If you have ever experienced sensory overload after brain injury, you are not alone. Hypersensitivity to stimulation often occurs after TBI because your brain is scrambling to reorganize and stabilize itself. As a result, even just a little bit of stimulation may overwhelm the brain.
This article will explore the causes of overstimulation after brain injury and share some effective ways to cope.
Causes of Sensory Overload After Brain Injury
Sensory overload is also referred to as sensory defensiveness and describes “a tendency to react negatively or with alarm to sensory input that is generally considered harmless or non-irritating.”
Many factors can contribute to sensory overload after brain injury. For some, the brain injury occurs in the part of the brain responsible for sensory processing. Because these neural pathways become disrupted, hypersensitivity to stimulation may occur.
Following a TBI, the brain devotes most of its energy towards healing and stabilization. Therefore, even the slightest stimulation may overstimulate the brain.
Additionally, some individuals may struggle with attention and concentration after brain injury. So if more than one thing is happening at once, the brain may become easily overwhelmed. Essentially, an over-responsiveness of the nervous system to stimuli is occurring.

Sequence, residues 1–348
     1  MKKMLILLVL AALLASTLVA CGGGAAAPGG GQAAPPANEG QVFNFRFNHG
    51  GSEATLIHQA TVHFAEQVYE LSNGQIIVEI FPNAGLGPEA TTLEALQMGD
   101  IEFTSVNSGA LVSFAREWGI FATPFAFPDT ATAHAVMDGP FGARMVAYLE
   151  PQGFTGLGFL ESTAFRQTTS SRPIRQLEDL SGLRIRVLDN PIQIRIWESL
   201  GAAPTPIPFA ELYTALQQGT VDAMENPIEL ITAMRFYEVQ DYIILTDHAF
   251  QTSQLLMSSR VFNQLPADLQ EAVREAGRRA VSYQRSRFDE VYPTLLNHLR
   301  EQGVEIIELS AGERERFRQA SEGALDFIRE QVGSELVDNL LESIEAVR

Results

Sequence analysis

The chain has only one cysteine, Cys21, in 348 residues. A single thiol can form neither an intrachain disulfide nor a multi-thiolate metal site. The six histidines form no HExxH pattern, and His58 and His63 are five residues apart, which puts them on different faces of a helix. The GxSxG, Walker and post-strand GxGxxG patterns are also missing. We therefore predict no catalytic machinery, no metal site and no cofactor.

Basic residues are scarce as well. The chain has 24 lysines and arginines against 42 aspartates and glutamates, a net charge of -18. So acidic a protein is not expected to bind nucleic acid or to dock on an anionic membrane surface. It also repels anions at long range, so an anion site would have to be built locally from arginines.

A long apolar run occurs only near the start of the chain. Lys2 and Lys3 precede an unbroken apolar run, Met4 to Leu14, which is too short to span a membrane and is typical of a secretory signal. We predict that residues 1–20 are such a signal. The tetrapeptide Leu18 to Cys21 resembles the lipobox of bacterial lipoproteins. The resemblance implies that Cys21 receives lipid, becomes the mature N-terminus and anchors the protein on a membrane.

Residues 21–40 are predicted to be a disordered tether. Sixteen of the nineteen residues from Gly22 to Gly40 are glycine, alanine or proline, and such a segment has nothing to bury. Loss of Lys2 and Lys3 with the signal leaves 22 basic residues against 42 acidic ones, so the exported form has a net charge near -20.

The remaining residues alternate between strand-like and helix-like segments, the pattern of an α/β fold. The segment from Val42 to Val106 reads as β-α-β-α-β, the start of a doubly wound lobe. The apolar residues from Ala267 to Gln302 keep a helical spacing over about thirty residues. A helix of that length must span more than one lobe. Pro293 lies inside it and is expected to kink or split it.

The stress, pain, and fatigue that often occur after TBI can intensify the senses and put individuals on edge. Things that they would have been able to tune out before can now bother them and lead to sensory overload.
Common triggers of sensory overload include:
- Background noise
- Itchy clothing
- Unexpected touch
- Bright lights
- Large crowds
- Sudden movement
- Certain smells
- Excess noise
In the following section, we’ll discuss how to identify symptoms of sensory overload after brain injury.
Symptoms of Overstimulation After Brain Injury
Sensory overload activates the body’s defense mechanism, otherwise known as its “fight or flight” response. As a result, each person experiences overstimulation a little differently, depending on how they react to stress.
Common symptoms of sensory overload include:
- Difficulty focusing
- Irritability/ agitation
- Dissociating/ shutting down
Sensory overload after a brain injury may interfere with one’s ability to engage in daily activities and negatively affect one’s quality of life.
It’s suggested that sensory defensiveness may be a contributing factor to anxiety, primarily because one’s perception of control is lacking. As a result, individuals may display avoidant and fearful behavior, as well as poor sleep quality.
Social and physical withdrawal, isolation, and decreased sensation-seeking due to increased anxiety after TBI may also contribute to the development of depression.
In the following section, we’ll discuss various tips that can help individuals with hypersensitivity to stimulation cope.
Coping Methods for Sensory Overload After Brain Injury